Figueroa v. Commissioner of Social Security

Filing 20

ORDER signed by Magistrate Judge Kendall J. Newman on 9/12/2011 ORDERING 18 Pltf's Motion for Summary Judgment is DENIED; the Commissioner's # 19 Cross Motion for Summary Judgment is GRANTED; and the Clerk of the Court is directed to enter judgment in the Commissioner's favor. CASE CLOSED (Reader, L)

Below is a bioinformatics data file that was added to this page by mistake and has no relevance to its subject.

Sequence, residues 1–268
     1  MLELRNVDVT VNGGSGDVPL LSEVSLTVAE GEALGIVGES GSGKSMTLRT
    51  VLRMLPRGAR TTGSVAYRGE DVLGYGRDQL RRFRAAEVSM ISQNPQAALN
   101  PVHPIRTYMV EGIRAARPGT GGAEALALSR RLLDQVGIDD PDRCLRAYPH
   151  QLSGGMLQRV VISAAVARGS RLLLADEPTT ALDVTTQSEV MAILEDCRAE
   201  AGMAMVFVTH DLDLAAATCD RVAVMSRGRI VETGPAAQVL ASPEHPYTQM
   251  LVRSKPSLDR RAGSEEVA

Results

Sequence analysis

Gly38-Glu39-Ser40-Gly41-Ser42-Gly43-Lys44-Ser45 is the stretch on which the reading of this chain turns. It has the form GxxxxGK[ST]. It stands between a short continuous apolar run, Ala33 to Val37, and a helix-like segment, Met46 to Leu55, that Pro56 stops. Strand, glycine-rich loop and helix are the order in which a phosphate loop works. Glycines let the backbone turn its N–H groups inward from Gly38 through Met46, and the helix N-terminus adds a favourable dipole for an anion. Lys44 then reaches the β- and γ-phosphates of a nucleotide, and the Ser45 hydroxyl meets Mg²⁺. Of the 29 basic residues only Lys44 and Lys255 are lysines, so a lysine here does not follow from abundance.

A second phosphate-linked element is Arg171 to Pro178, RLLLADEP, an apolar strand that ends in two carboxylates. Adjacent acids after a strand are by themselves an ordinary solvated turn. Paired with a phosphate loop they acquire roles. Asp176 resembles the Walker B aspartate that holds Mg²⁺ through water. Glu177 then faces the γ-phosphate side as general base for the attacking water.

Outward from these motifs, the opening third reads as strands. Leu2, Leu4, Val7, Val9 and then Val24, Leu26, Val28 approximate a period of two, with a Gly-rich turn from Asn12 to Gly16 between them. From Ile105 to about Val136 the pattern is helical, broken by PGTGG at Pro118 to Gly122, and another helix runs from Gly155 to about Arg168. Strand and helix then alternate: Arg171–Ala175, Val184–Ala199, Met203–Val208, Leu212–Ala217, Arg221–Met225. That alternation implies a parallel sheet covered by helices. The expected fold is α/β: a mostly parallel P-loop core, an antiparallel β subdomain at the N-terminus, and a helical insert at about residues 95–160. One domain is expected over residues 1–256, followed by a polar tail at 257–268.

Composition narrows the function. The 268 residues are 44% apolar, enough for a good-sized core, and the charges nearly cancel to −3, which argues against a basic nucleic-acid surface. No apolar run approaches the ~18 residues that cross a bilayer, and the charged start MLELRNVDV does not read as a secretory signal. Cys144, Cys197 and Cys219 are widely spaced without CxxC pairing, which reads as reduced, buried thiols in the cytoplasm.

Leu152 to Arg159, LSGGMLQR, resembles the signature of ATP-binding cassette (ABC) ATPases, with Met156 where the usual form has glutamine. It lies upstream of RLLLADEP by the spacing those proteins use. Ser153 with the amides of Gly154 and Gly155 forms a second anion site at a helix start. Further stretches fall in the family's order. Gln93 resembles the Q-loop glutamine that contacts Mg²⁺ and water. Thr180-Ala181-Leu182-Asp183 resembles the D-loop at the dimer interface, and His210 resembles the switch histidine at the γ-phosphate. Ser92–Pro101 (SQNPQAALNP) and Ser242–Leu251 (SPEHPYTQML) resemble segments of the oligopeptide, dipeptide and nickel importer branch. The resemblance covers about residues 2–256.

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1 2 3 4 5 6 7 8 IN THE UNITED STATES DISTRICT COURT 9 FOR THE EASTERN DISTRICT OF CALIFORNIA 10 MARIA FIGUEROA, 11 12 13 Plaintiff, No. 2:10-cv-01818 KJN v. MICHAEL J. ASTRUE, Commissioner of Social Security, 14 Defendant. 15 ORDER / 16 Plaintiff, who is represented by counsel, seeks judicial review of a final decision 17 of the Commissioner of Social Security (“Commissioner”) denying plaintiff’s applications for 18 Disability Insurance Benefits under Title II of the Social Security Act (“Act”) and Supplemental 19 Security Income benefits under Title XVI of the Act.1 In her motion for summary judgment, 20 plaintiff contends that the administrative law judge (“ALJ”) in this case erred by: (1) giving “very 21 little weight” to the opinion of plaintiff’s chiropractor, James W. Newell, D.C. (“Mr. Newell”); 22 (2) finding that plaintiff’s testimony regarding her limitations was not credible to the extent that 23 it was inconsistent with the residual functional capacity found by the ALJ; and (3) not crediting 24 1 25 26 This case was referred to the undersigned pursuant to Eastern District of California Local Rule 302(c)(15) and 28 U.S.C. § 636(c), and both parties have voluntarily consented to proceed before a United States Magistrate Judge, 28 U.S.C. § 636(c)(1); Fed. R. Civ. P. 73; E. Dist. Local Rule 301. (Dkt. Nos. 7, 10.) 1 1 the testimony of a vocational expert in response to hypothetical questions about plaintiff’s ability 2 to work that were premised on plaintiff’s proposed residual functional capacity. (See generally 3 Pl.’s Mot. for Summ. J., Dkt. No. 18.) The Commissioner filed an opposition to plaintiff’s 4 motion and a cross-motion for summary judgment. (Dkt. No. 19.) Plaintiff did not file a reply 5 brief. For the reasons stated below, the court denies plaintiff’s motion for summary judgment 6 and grants the Commissioner’s cross-motion for summary judgment. 7 I. BACKGROUND2 8 On June 20, 2006, plaintiff3 filed an application for Disability Insurance Benefits 9 that alleged a disability onset date of September 21, 2003, and an application for Social Security 10 Income benefits that alleged a disability onset date of March 9, 2002.4 (Admin. Tr. (“AT”) 129- 11 38.) The ALJ assessed plaintiff’s applications based on an alleged disability onset date of 12 September 21, 2003, without any discussion of the apparent discrepancy. (AT 24.) In any event, 13 the Social Security Administration denied plaintiff’s application initially and upon 14 reconsideration. (AT 96-99, 100-04, 109-14.) Plaintiff requested a hearing before an ALJ, and 15 the ALJ conducted a hearing regarding plaintiff’s claim on June 11, 2008. (AT 60-80, 124.) 16 Plaintiff was represented by counsel at the hearing and testified. For the most part, plaintiff 17 testified through an interpreter because plaintiff asserted that she could not speak English. A 18 2 19 20 21 22 Because the parties are familiar with the factual background of this case, including plaintiff’s medical history, the undersigned does not exhaustively relate those facts here. The facts related to plaintiff’s impairments and medical history will be addressed only insofar as they are relevant the issues presented by the parties’ respective motions. 3 Many of plaintiff’s medical records refer to a patient by the name of Carmen Garcia. Curiously, the parties appear to agree that Carmen Garcia and Maria Figueroa are the same person, and the Commissioner notes that the social security numbers for Carmen Garcia and Maria Figueroa are the same. (Def.’s Cross-Motion at 2 n.1.) 23 4 24 25 26 It appears that plaintiff previously filed an application for Social Security benefits that was denied after a hearing before an ALJ. (See AT 25, 63, 110.) Although the ALJ in this case noted the prior, unsuccessful application in the hearing decision under review here, the ALJ did not rely on the previously denied application because plaintiff’s more recently filed applications alleged new impairments that the ALJ concluded rebutted the presumption of continuing non-disability. (See AT 25.) 2 1 vocational expert (“VE”) also testified at the hearing. 2 In a written decision dated July 24, 2008, the ALJ denied plaintiff’s applications 3 for benefits based on a finding that plaintiff was “capable of performing past relevant work as a 4 cook, dishwasher, vegetable sorter, and final finisher (construction).”5 (AT 32.) The ALJ’s 5 decision became the final decision of the Commissioner when the Appeals Council denied 6 plaintiff’s request for review. (AT 1-5.) Plaintiff subsequently filed this action. 7 //// 8 5 9 10 11 12 13 14 15 16 17 18 19 Disability Insurance Benefits are paid to disabled persons who have contributed to the Social Security program, 42 U.S.C. §§ 401 et seq. Generally speaking, Supplemental Security Income is paid to disabled persons with low income. 42 U.S.C. §§ 1382 et seq. Under both benefit schemes, the term “disability” is defined, in part, as an “inability to engage in any substantial gainful activity” due to “any medically determinable physical or mental impairment which can be expected to result in death or which has lasted or can be expected to last for a continuous period of not less than twelve months.” 42 U.S.C. §§ 423(d)(1)(A), 1382c(a)(3)(A). A five-step sequential evaluation governs eligibility for benefits. See 20 C.F.R. §§ 404.1520, 404.1571-1576, 416.920, 416.971-976; see also Bowen v. Yuckert, 482 U.S. 137, 140-42 (1987). The Ninth Circuit Court of Appeals has summarized the sequential evaluation as follows: Step one: Is the claimant engaging in substantial gainful activity? If so, the claimant is found not disabled. If not, proceed to step two. Step two: Does the claimant have a “severe” impairment? If so, proceed to step three. If not, then a finding of not disabled is appropriate. Step three: Does the claimant’s impairment or combination of impairments meet or equal an impairment listed in 20 C.F.R., Pt. 404, Subpt. P, App.1? If so, the claimant is automatically determined disabled. If not, proceed to step four. 20 21 22 23 Step four: Is the claimant capable of performing his past work? If so, the claimant is not disabled. If not, proceed to step five. Step five: Does the claimant have the residual functional capacity to perform any other work? If so, the claimant is not disabled. If not, the claimant is disabled. 24 Lester v. Chater, 81 F.3d 821, 828 n.5 (9th Cir. 1995). 25 The claimant bears the burden of proof in the first four steps of the sequential evaluation process. Bowen, 482 U.S. at 146 n.5. The Commissioner bears the burden if the sequential evaluation process proceeds to step five. Id. 26 3 1 B. 2 Summary of the ALJ’s Findings The ALJ conducted the required five-step evaluation and concluded that plaintiff 3 was not disabled within the meaning of the Act. At step one, the ALJ found that plaintiff had not 4 engaged in substantial gainful employment since September 21, 2003, the alleged date of onset of 5 disability used by the ALJ. (AT 27.) At step two, the ALJ concluded that plaintiff had the 6 following “severe” impairments: “musculoligamentous strain and coccydynia”6 (id.), stemming 7 from a previously fractured coccyx. At step three, the ALJ determined that plaintiff did not have 8 an impairment or combination of impairments that met or medically equaled one of the 9 impairments listed in the applicable regulations. (Id.) 10 11 Prior to reaching step four of the analysis, the ALJ determined plaintiff’s residual functional capacity (“RFC”) as follows: 12 [T]he claimant has the residual functional capacity to perform the full range of medium work defined in 20 CFR 404.1567(c)[7] and 416.967(c). Specifically, the claimant can lift, carry, push, and pull 50 pounds occasionally and 25 pounds frequently. She can sit for 8 hours, and stand and walk for 8 hours, in an 8 hour day with normal breaks. 13 14 15 (AT 27.) In assessing plaintiff’s RFC, the ALJ addressed plaintiff’s testimony and found that 16 plaintiff was not credible to the extent that plaintiff’s testimony conflicted with the RFC. (See 17 AT 30-31.) The ALJ also addressed the opinion of Mr. Newell and gave it “very little weight.” 18 (See AT 28-29.) 19 Having assessed plaintiff’s RFC, the ALJ found at step four that plaintiff “is 20 capable of performing relevant past work as a cook, dishwasher, vegetable sorter, and final 21 finisher (construction).” (AT 32.) The ALJ stated that the VE testified that these jobs are 22 23 6 Coccydynia generally refers to pain in the region of the coccyx. See Stedman’s Medical Dictionary 403 (Lippincott Williams & Wilkins, eds., 28th ed. 2006). 24 7 25 26 “Medium work” is defined in 20 C.F.R. § 404.1567(c) as follows: “Medium work involves lifting no more than 50 pounds at a time with frequent lifting or carrying of objects weighing up to 25 pounds. If someone can do medium work, we determine that he or she can also do sedentary and light work.” Accord 20 C.F.R. § 416.967(c). 4 1 performed at the medium or light exertional levels. (Id.) As a result of the ALJ’s finding at step 2 four, the ALJ found that plaintiff was not disabled without reaching step five of the analysis. 3 II. 4 STANDARDS OF REVIEW The court reviews the Commissioner’s decision to determine whether it is (1) free 5 of legal error, and (2) supported by substantial evidence in the record as a whole. Bruce v. 6 Astrue, 557 F.3d 1113, 1115 (9th Cir. 2009); accord Vernoff v. Astrue, 568 F.3d 1102, 1105 (9th 7 Cir. 2009). This standard of review has been described as “highly deferential.” Valentine v. 8 Comm’r of Soc. Sec. Admin., 574 F.3d 685, 690 (9th Cir. 2009). “‘Substantial evidence means 9 more than a mere scintilla but less than a preponderance; it is such relevant evidence as a 10 reasonable mind might accept as adequate to support a conclusion.” Bray v. Comm’r of Soc. 11 Sec. Admin., 554 F.3d 1219, 1222 (9th Cir. 2009) (quoting Andrews v. Shalala, 53 F.3d 1035, 12 1039 (9th Cir. 1995)); accord Valentine, 574 F.3d at 690. “The ALJ is responsible for 13 determining credibility, resolving conflicts in medical testimony, and for resolving ambiguities.” 14 Andrews, 53 F.3d at 1039; see also Tommasetti v. Astrue, 533 F.3d 1035, 1041 (9th Cir. 2008) 15 (“[T]he ALJ is the final arbiter with respect to resolving ambiguities in the medical evidence.”). 16 Findings of fact that are supported by substantial evidence are conclusive. 42 U.S.C. § 405(g); 17 see also McCarthy v. Apfel, 221 F.3d 1119, 1125 (9th Cir. 2000). “Where the evidence as a 18 whole can support either a grant or a denial, [the court] may not substitute [its] judgment for the 19 ALJ’s.” Bray, 554 F.3d at 1222; see also Ryan v. Comm’r of Soc. Sec., 528 F.3d 1194, 1198 20 (9th Cir. 2008) (“‘Where evidence is susceptible to more than one rational interpretation,’ the 21 ALJ’s decision should be upheld.”) (quoting Burch v. Barnhart, 400 F.3d 676, 679 (9th Cir. 22 2005)). However, the court “must consider the entire record as a whole and may not affirm 23 simply by isolating a ‘specific quantum of supporting evidence.’” Ryan, 528 F.3d at 1198 24 (quoting Robbins v. Soc. Sec. Admin., 466 F.3d 880, 882 (9th Cir. 2006)); accord Lingenfelter v. 25 Astrue, 504 F.3d 1028, 1035 (9th Cir. 2007). 26 //// 5 1 2 III. DISCUSSION A. 3 The ALJ’s Permissibly Discounted Plaintiff’s Chiropractor’s Opinion Plaintiff contends that the ALJ improperly rejected the opinion of Mr. Newell, 4 plaintiff’s treating chiropractor, who is not a licensed physician. Mr. Newell’s opinions 5 regarding plaintiff’s functional ability were set forth in a form dated February 12, 2007. (See 6 AT 296-300.) Mr. Newell opined that, among other things, plaintiff could lift or carry at most 12 7 pounds but only occasionally; could never climb, stoop, or crouch, but could occasionally 8 balance, kneel, and crawl; could occasionally reach, push, and could frequently handle, feel, and 9 hear; could sit, stand, or walk for at most one hour in an eight-hour workday; and should avoid 10 concentrated exposure to dust, temperature extremes, fumes, and vibrations. (See id.) Mr. 11 Newell generally cited an x-ray and an MRI from 1999 as supporting his opinion. (AT 296, 12 299.) He also relied on plaintiff’s poor posture, a positive “Minor’s sign,”8 and plaintiff’s 13 guarded gait as medical findings that supported his opinions. (AT 297.) The remainder of the 14 “findings” cited by Mr. Newell in support of his opinions were plaintiff’s subjective complaints. 15 The ALJ considered Mr. Newell’s opinion, but gave his “non-medical opinion 16 very little weight.” (AT 28.) Noting the lack of “serious objective findings” in the records, the 17 ALJ stated: 18 [G]iven the lack of any objective medical findings, or the results of diagnostic testing which support this extreme assessment, the [ALJ] gives this non-medical opinion very little weight. In fact, treating notes from this chiropractor do not contain any findings supporting his opinion. Moreover, it appears that his opinion is speculative, and primarily based on the claimant’s subjective complaints. 19 20 21 22 (AT 28; accord AT 29.) The ALJ then discussed the records of examining and non-examining 23 8 24 25 26 The “Minor’s sign” associated with the neurologist Lazar Solomonovich Minor, who has been reported as being “the first to describe the ‘sitting sign’ to distinguish between lumbago and sciatica: patients with sciatica use only one leg when getting out of bed; lumbago patients ‘climb out’ with both legs—Minor’s sign.” See A.A. Vein, Lazar Solomonovich Minor, J. Neurol. 258:1371-72 (2011). Essentially, the Minor’s sign appears to refer to the manner in which a patient rises to his or her feet from a seated or supine position. 6 1 physicians that contradicted Mr. Newell’s opinions and upon which the ALJ relied in arriving at 2 plaintiff’s RFC. (See AT 28-29.) 3 Under the applicable regulations, chiropractors are considered “other sources” and 4 are not “acceptable medical sources.” See 20 C.F.R. § 404.1513(a), (d); accord 20 C.F.R. 5 § 416.913(a), (d). Only acceptable medical sources may provide medical opinions. See 20 6 C.F.R. § 404.1527(a)(2) (“Medical opinions are statements from physicians and psychologists or 7 other acceptable medical sources that reflect judgments about the nature and severity of your 8 impairment(s), including your symptoms, diagnosis and prognosis, what you can still do despite 9 impairment(s), and your physical or mental restrictions.”); accord 20 C.F.R. § 416.927(a)(2). 10 Social Security Rule 06-03p recognizes that regulations regarding the evaluation of opinion 11 evidence, such as 20 C.F.R. §§ 404.1527 and 416.927, do not address how to evaluate the 12 opinions of “other sources” such as a chiropractor who has seen the claimant in his or her 13 professional capacity. See Soc. Sec. Ruling 06-03p. Although not binding on this court, Social 14 Security Ruling 06-03p provides: “Opinions from these medical sources, who are not technically 15 deemed ‘acceptable medical sources’ under our rules, are important and should be evaluated on 16 key issues such as impairment severity and functional effects, along with the other relevant 17 evidence in the file.” 18 The Ninth Circuit Court of Appeals has held that “there is no requirement that the 19 Secretary accept or specifically refute” a report of a chiropractor. Bunnell v. Sullivan, 912 F.2d 20 1149, 1151-52 (9th Cir. 1990), rev’d en banc on other grounds, 947 F.2d 341 (9th Cir. 1991) (en 21 banc). However, more recent decisions of the Court of Appeals, some of which are unpublished 22 but instructive, have held that the ALJ cannot reject evidence from an “other source” without 23 comment, but need only provide “germane” reasons in rejecting the opinion evidence of an other 24 source such as a chiropractor. See Bain v. Astrue, 319 Fed. Appx. 543, 546 (9th Cir. 2009) 25 (“Because Stout is not an acceptable medical source, the ALJ had only to provide ‘germane’ 26 reasons for discrediting her opinion.”) (citing Dodrill v. Shalala, 12 F.3d 915, 919 (9th Cir. 7 1 1993)); Kus v. Astrue, 276 Fed. Appx. 555, 556 (9th Cir. 2008) (“As with other witnesses, the 2 ALJ was required to take into account evidence from Kus’s chiropractor ‘unless he or she 3 expressly determine[d] to disregard such testimony’ and gave reasons for doing so.”) 4 (modification in original) (citing Lewis v. Apfel, 236 F.3d 503, 511 (9th Cir. 2001)); Nguyen v. 5 Chater, 100 F.3d 1462, 1467 (9th Cir. 1996) (holding that an ALJ cannot reject lay witness 6 testimony about how an impairment affects the claimant’s ability to work without comment).9 7 Here, the ALJ considered Mr. Newell’s opinions regarding plaintiff’s functional 8 limitations and provided specific and germane reasons for heavily discounting those opinions. 9 First, the ALJ’s observation that Mr. Newell’s opinion was primarily based on plaintiff’s 10 subjective testimony is supported by the record. Although the form Mr. Newell completed asks 11 the author to cite to “medical findings” in support of a functional assessment, Mr. Newell relied 12 heavily on plaintiff’s subjective complaints, which the undersigned concludes below are not 13 credible. See cf. Tommasetti, 533 F.3d at 1041 (“An ALJ may reject a treating physician’s 14 opinion if it is based ‘to a large extent’ on a claimant’s self-reports that have been properly 15 discounted as incredible.”). For example, in assessing plaintiff’s ability to lift and carry weight, 16 Mr. Newell stated: “Patient is unable to bend forward at the waist > 45o w/o increasing subjective 17 complaint.” (AT 298.) In assessing plaintiff’s ability to reach, handle, feel, push, pull, and hear, 18 Mr. Newell’s “medical findings” consist solely of plaintiff’s subjective reports of her own 19 20 21 22 23 24 25 26 9 Decisions of federal district courts sitting in California are in accord. See Lederle v. Astrue, No. 1:09-cv-01736 JLT, 2011 WL 839346, at *11 (E.D. Cal. Feb. 17, 2011) (unpublished) (“As a general rule, if the ALJ chooses to reject evidence from ‘other sources,’ the ALJ may not do so without comment. In addition, the ALJ must give specific, germane reasons for rejecting the opinion of the witness.”) (citations omitted); Areallano v. Astrue, No. ED CV 09-1186-PJW, 2010 WL 2991145, at *4 (C.D. Cal. July 26, 2010) (unpublished) (“An ALJ must provide reasons that are germane to a chiropractor’s opinion in order to discount it.”); accord Rodriguez v. Astrue, No. EDCV 08-1106 RNB, 2009 WL 1586529, at *2 (C.D. Cal. June 4, 2009) (unpublished); Harris v. Astrue, No. CV 06-7309-RC, 2008 WL 2852248, at *5 (C.D. Cal. July 23, 2008) (unpublished); see also Sewasky v. Astrue, No. EDCV 10-147-MAN, 2011 WL 3204361, at *5 (C.D. Cal. July 26, 2011) (unpublished) (“[P]laintiff’s clinicians are not ‘acceptable medical sources’ or ‘treating sources,’ and thus, there is no requirement that the ALJ give specific and legitimate reasons for disregarding their opinions.”) (footnote omitted). 8 1 functional abilities. (AT 297.) Similarly, Mr. Newell’s “medical findings” in support his 2 assessment of plaintiff’s ability to use her hands and feet state, in part: “Patient claim [sic] that 3 reaching above shoulder level aggravates LBP.” (AT 300.) Mr. Newell’s opinion is almost 4 entirely unsupported by actual medical findings even though such findings are requested in the 5 form he completed; rather, plaintiff’s subjective complaints provide the basis for the limitations 6 cited by Mr. Newell. Another set of records prepared by Mr. Newell, which immediately precede 7 Mr. Newell’s functional assessment in the record, indicate diagnoses of plaintiff, but consist of 8 plaintiff’s subjective reports from August 2006 through February 2007. (See AT 292-95.) 9 Second, the record supports the ALJ’s finding that objective medical findings did 10 not support Mr. Newell’s extreme assessment of plaintiff’s functional abilities. In terms of 11 laboratory findings, Mr. Newell relied on an x-ray and an MRI from 1999 in arriving at his 12 functional assessment eight years later in 2007. (See AT 296.) Moreover, Mr. Newell did not 13 explain how the x-ray or MRI supported the limitations he found. And although plaintiff is 14 correct that Mr. Newell performed “tests” or made observations, such as the positive Minor’s 15 sign, the ALJ did not err by finding that Mr. Newell’s records did not support the degree of 16 limitation assessed. Indeed, the ALJ’s citation to medical records prepared by acceptable 17 medical sources that contradicted Mr. Newell’s extreme assessment, including the reports of 18 examining physicians and state agency physicians, compellingly supports the ALJ’s rejection of 19 Mr. Newell’s assessment. (AT 28-29; see also, e.g., AT 320 (August 2007 report of Richard A. 20 Beyer, M.D., noting plaintiff’s excellent strength during a neurological examination and largely 21 normal nerve conduction studies); AT 337 (May 2007 treatment notes of Carol Kimball, M.D., 22 noting on physical examination that plaintiff was “in no acute distress” and that plaintiff’s back 23 was “minimally tender”).) 24 In short, the ALJ provided specific and germane reasons for discounting Mr. 25 Newell’s opinion of plaintiff’s functional abilities, which are supported by the record. Moreover, 26 the ALJ relied on opinions provided by acceptable medical sources in calculating plaintiff’s RFC. 9 1 2 3 Accordingly, the ALJ did not err in evaluating Mr. Newell’s opinion. B. The ALJ’s Credibility Determination Was Not Erroneous Next, plaintiff attacks the ALJ’s credibility determination. The ALJ found that 4 plaintiff’s statements regarding “the intensity, persistence and limiting effects of [plaintiff’s] 5 symptoms [were] not credible to the extent they [were] inconsistent with the [RFC].” (AT 30.) 6 7 8 9 10 11 12 13 14 15 In Lingenfelter v. Astrue, the Ninth Circuit Court of Appeals summarized the ALJ’s task with respect to assessing a claimant’s credibility: To determine whether a claimant’s testimony regarding subjective pain or symptoms is credible, an ALJ must engage in a two-step analysis. First, the ALJ must determine whether the claimant has presented objective medical evidence of an underlying impairment which could reasonably be expected to produce the pain or other symptoms alleged. The claimant, however, need not show that her impairment could reasonably be expected to cause the severity of the symptom she has alleged; she need only show that it could reasonably have caused some degree of the symptom. Thus, the ALJ may not reject subjective symptom testimony . . . simply because there is no showing that the impairment can reasonably produce the degree of symptom alleged. Second, if the claimant meets this first test, and there is no evidence of malingering, the ALJ can reject the claimant’s testimony about the severity of her symptoms only by offering specific, clear and convincing reasons for doing so. . . . 16 17 Lingenfelter, 504 F.3d at 1035-36 (citations and quotation marks omitted). In weighing a 18 claimant’s credibility, an ALJ may consider, among other things, the “‘[claimant’s] reputation for 19 truthfulness, inconsistencies either in [claimant’s] testimony or between [her] testimony and [her] 20 conduct, [claimant’s] daily activities, [her] work record, and testimony from physicians and third 21 parties concerning the nature, severity, and effect of the symptoms of which [claimant] 22 complains.” Thomas v. Barnhart, 278 F.3d 947, 958-59 (9th Cir. 2002) (modification in original) 23 (quoting Light v. Soc. Sec. Admin., 119 F.3d 789, 792 (9th Cir. 1997)); see also Burch, 400 F.3d 24 at 680 (“In determining credibility, an ALJ may engage in ordinary techniques of credibility 25 evaluation, such as considering claimant’s reputation for truthfulness and inconsistencies in 26 claimant’s testimony.”). If the ALJ’s credibility finding is supported by substantial evidence in 10 1 the record, the court “may not engage in second-guessing.” Id. at 959. 2 Here, the ALJ discounted plaintiff’s testimony regarding her functional limitations 3 for several reasons that are supported by the record.10 For example, the ALJ stated that “the 4 record does not show that the claimant is receiving any regular, ongoing specialized treatment for 5 her complaints.” (AT 31.) Plaintiff cites Dr. Kimball’s treatment of plaintiff, which consisted of 6 prescribing narcotics and other medications. However, the ALJ’s point appears to be that 7 plaintiff was not undergoing treatment by a specialist, such as an orthopedist or neurologist, for 8 plaintiff’s complaints of lower back pain. In a similar vein, the ALJ reasonably noted that 9 plaintiff’s treatment was conservative and that no physicians had referred plaintiff for additional 10 testing or hospitalization for further investigation of plaintiff’s complaints. See Tommasetti, 533 11 F.3d at 1041 (noting that a conservative treatment plan is a permissible basis for discounting 12 testimony of all-disabling pain). 13 The ALJ also noted that the “record reflects that examinations have not revealed 14 any significant findings, or reflected any neurological involvement, or muscle wasting or atrophy, 15 usually associated with pain and inactivity.” (AT 31.) On a related note, the ALJ reasoned that 16 the record did not contain “any diagnostic testing such as X-rays, tomography, magnetic 17 resonance imaging, or nerve conduction studies, that shows any significant abnormality.” (Id.) 18 These reasons for discounting plaintiff’s credibility are supported. Among other treatment notes, 19 Dr. Beyer noted in July 2007 that nerve conduction studies performed on plaintiff were almost 20 entirely normal, and his neurological examination revealed that plaintiff had “excellent strength,” 21 normal muscle tone, and good range of motion in her neck. (AT 319.) In March 2006, Graham 22 Bray, M.D., an examining orthopaedic surgeon, conducted a follow up examination of plaintiff 23 that resulted in unremarkable findings regarding plaintiff’s back and a recommendation that 24 10 25 26 Unaddressed by plaintiff is the ALJ’s reasoning that although plaintiff claimed mental limitations, the record did not reveal that plaintiff underwent dedicated mental health treatment, a recommendation for more aggressive therapy than medication, or evidence of hospitalization. (See AT 31.) 11 1 plaintiff only receive chiropractic therapy for an estimated four “flare-ups” that plaintiff might 2 expect to experience in a year. (See AT 242-46.) In December 2007, John C. Forsyth, M.D. 3 examined plaintiff and noted that plaintiff’s spine showed normal alignment, plaintiff was not 4 particularly tender over the sacrum or coccyx, plaintiff’s range of motion about the spine was 5 relatively full, and plaintiff’s gait was normal. (AT 354.) These medical records and others in 6 the record support the ALJ’s reasoning. And to the extent that plaintiff would again rely on Mr. 7 Newell’s opinion, the ALJ properly rejected that opinion and was nevertheless entitled to favor 8 the supported treating and examining observations of licensed physicians over the opinions of a 9 chiropractor who is not an acceptable medical source. 10 The ALJ provided several reasons for discounting plaintiff’s testimony that are 11 supported by the record. Accordingly, the undersigned concludes that the ALJ did not err in 12 assessing plaintiff’s credibility. 13 C. The ALJ Did Not Err By Not Crediting the VE’s Responses To Plaintiff’s Counsel’s Hypothetical Questions 14 15 Finally, plaintiff argues that the ALJ erred by not crediting the VE’s testimony 16 about plaintiff’s ability to work in response to hypothetical questions premised on the RFC 17 framed by plaintiff’s counsel. Plaintiff contends that the ALJ erred by not adopting the 18 functional limitations found by Mr. Newell, and testified to by plaintiff, in the RFC, and thus did 19 not ask hypothetical questions of the VE. Plaintiff’s counsel, however, posed hypothetical 20 questions to the VE using an RFC framed by plaintiff’s counsel. Plaintiff’s argument is entirely 21 contingent on her arguments rejected above. Because the undersigned concluded that the ALJ 22 properly discounted the functional assessment of Mr. Newell and permissibly discounted 23 plaintiff’s subjective testimony, the ALJ did not err in questioning the VE. 24 IV. CONCLUSION 25 For the foregoing reasons, IT IS HEREBY ORDERED that: 26 1. Plaintiff’s motion for summary judgment (Dkt. No. 18) is denied. 12 1 2 2. 3. 5 6 The Clerk of Court is directed to enter judgment in the Commissioner’s granted. 3 4 The Commissioner’s cross-motion for summary judgment (Dkt. No. 19) is favor. IT IS SO ORDERED. DATED: September 12, 2011 7 8 9 _____________________________________ KENDALL J. NEWMAN UNITED STATES MAGISTRATE JUDGE 10 11 12 13 14 15 16 17 18 19 20 21 22 23 24 25 26 13